Systematic Theology

Dictionary.com

Systematic

adjective
  1. having, showing, or involving a system, method, or plan: a systematic course of reading; systematic efforts.
  2. given to or using a system or method; methodical: a systematic person.
  3. arranged in or comprising an ordered system: systematic theology.
  4. concerned with classification: systematic botany.
  5. pertaining to, based on, or in accordance with a system of classification: the systematic names of plants.

Theology

See the following: Theology Part 1, Part 2, Part 3


Etymonline.com

1670s, “pertaining to a system,” from French systématique or directly from Late Latin systematicus, from Greek systematikos “combined in a whole,” from systema (genitive systematos); see system. From 1789 as “methodical,” often in a bad sense, “ruthlessly methodical.” Related: Systematical (1660s); systematically.


Discussion/Explanation

From Google’s dictionary:

“noun: systematic theology – a form of theology in which the aim is to arrange religious truths in a self-consistent whole.”

This fairly well gets at the gist of this area of study. The point is not to represent the theology of the Bible as a redemptive whole (which is more the realm of Biblical Theology) but to connect things together from the various books of the Bible.

This area of study is much more preoccupied with organizing the information of the Bible into various categories. It is through such efforts that you get subareas like angelology, demonology, pneumatology (study of the Holy Spirit), eschatology (study of the end times, and so on. It addresses individual topics one by one.

It is considered systematic in that it links the various pieces of information found throughout the Scriptures on the particular topic together.

Systematic theology is also one of the main four branches of theology which include exegetical theology, practical theology, and historical theology.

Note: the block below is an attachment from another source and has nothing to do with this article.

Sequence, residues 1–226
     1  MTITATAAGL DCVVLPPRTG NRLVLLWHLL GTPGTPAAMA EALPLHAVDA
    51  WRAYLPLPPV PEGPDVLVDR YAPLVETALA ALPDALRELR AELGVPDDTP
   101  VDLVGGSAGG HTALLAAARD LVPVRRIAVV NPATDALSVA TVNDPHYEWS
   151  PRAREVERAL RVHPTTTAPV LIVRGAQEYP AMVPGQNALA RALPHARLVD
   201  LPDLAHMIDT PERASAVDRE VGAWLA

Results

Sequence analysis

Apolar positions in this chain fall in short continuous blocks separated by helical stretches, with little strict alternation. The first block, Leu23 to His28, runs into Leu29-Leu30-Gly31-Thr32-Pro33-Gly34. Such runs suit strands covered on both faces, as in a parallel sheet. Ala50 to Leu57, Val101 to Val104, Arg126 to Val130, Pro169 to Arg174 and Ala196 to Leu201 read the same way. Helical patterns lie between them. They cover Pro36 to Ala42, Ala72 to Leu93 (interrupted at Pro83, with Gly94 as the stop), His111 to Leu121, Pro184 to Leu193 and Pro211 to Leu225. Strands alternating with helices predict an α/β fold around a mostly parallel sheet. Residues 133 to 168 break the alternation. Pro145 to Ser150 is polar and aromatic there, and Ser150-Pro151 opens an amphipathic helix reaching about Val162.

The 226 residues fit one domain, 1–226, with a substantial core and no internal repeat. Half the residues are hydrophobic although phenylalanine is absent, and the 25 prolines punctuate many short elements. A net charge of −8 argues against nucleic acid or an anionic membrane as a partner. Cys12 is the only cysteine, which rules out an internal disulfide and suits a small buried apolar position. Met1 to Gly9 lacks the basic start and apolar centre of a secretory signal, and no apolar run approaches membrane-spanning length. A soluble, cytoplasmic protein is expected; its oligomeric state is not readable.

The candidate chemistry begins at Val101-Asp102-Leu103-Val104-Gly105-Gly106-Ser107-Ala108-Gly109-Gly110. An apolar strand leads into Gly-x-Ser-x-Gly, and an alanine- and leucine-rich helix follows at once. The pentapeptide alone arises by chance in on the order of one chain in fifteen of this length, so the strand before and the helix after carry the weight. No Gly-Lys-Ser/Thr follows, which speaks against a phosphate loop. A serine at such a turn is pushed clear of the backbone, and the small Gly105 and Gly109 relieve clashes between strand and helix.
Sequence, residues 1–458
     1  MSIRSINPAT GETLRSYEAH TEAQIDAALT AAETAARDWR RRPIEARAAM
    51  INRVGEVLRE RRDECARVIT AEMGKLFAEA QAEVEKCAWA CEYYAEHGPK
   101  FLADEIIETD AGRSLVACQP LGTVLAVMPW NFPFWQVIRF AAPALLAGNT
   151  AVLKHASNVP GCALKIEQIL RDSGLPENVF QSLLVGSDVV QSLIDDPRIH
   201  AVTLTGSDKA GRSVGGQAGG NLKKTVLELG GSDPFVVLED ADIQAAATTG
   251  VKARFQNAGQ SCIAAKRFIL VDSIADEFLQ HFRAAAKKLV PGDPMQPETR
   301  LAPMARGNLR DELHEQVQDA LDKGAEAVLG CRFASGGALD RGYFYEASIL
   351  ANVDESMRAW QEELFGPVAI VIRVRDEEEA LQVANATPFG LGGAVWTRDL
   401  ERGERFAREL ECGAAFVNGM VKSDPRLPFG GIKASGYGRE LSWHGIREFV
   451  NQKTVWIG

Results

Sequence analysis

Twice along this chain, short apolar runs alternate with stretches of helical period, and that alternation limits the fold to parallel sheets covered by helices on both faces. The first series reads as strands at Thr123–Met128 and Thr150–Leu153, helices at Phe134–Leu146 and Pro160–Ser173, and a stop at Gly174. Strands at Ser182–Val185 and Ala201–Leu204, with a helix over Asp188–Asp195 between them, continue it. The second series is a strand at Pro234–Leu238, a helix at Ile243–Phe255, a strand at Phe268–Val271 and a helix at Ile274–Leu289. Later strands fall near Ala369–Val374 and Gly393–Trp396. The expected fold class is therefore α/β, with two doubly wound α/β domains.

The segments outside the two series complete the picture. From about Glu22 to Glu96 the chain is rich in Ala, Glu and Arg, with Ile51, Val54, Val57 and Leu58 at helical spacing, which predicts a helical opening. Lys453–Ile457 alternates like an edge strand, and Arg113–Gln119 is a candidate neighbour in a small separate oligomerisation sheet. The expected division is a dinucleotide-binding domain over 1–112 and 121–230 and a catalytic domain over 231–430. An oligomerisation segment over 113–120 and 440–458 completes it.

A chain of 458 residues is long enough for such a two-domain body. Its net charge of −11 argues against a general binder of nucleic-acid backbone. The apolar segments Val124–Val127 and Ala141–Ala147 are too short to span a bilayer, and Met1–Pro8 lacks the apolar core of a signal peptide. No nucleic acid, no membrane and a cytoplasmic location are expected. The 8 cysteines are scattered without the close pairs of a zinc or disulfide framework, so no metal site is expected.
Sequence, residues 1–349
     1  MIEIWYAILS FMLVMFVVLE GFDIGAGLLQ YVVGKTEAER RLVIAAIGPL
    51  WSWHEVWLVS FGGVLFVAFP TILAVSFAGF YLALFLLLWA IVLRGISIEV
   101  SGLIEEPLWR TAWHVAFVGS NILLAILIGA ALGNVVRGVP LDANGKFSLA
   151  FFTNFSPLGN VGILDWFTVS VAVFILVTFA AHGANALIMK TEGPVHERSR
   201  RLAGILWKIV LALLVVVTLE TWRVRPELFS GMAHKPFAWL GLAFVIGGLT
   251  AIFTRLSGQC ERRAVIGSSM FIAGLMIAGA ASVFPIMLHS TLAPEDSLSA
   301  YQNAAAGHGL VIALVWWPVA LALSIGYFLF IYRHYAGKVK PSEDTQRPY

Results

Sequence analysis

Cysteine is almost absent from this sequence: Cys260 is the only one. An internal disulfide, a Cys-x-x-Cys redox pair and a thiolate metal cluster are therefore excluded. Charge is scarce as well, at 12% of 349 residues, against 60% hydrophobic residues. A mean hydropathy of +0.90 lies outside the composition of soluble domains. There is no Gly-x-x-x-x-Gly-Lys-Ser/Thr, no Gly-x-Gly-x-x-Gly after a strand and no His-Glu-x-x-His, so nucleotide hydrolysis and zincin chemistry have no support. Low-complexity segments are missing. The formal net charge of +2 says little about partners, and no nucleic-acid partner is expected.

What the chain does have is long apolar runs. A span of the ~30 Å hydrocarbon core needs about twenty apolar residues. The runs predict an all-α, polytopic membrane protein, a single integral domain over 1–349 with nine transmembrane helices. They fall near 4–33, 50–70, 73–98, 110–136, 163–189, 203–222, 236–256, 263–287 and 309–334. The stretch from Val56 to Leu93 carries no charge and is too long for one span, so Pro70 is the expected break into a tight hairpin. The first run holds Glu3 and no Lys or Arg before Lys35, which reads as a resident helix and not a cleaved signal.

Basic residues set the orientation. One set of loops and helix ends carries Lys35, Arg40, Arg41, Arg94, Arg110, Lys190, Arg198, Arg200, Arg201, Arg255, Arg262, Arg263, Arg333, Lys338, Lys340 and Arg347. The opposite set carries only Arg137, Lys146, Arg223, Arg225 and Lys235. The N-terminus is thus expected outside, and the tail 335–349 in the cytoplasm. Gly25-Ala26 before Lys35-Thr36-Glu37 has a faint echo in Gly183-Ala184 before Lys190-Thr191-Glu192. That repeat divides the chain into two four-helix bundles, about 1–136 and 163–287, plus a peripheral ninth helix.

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Biblical Theology

Biblical Theology is a discipline of exegetical theology, one of the 4 that are part of what is called the “Encyclopedia of Theology” – Exegetical, Historical, Systematic, and Practical Theologies (Hagenbach).


Etymonline.com

biblical

1734, “pertaining to the Bible,” from Bible + -ical. Related: Biblically. Earlier adjective was Biblic (1680s). Related: Biblicality.


Discussion/Explanation

Biblical theology is considered by some to be the capstone of exegetical theology. However, it is not exegetical theology itself.

The reason for calling it the capstone is because it presupposes everything else within exegetical theology. To be clear, this means it is keeping in mind the Hebrew and Greek behind our modern translation, historical context, textual criticism, translation approach, the history and canonicity of the Bible, and hermeneutics. Everything done within exegetical theology is taken into account when engaging in biblical theology studies.

Biblical theology is, therefore, the area of theology of the entire Bible. It looks at the Bible as a whole and does not subdivide based upon Old Testament and New Testament. As a result, it naturally traces the entire story of the Scriptures in which you can see God’s progressive revelation.

Now, I do want to point out that biblical theology is not practiced in every corner of Christianity today. There are many who would do everything else found within the exegetical branch and then ignore the capstone and/or use the term biblical theology in an entirely different way – usually to state whether or not a particular theology or theological approach is biblical. With this in mind, the use of the term “biblical theology” can often seem unclear.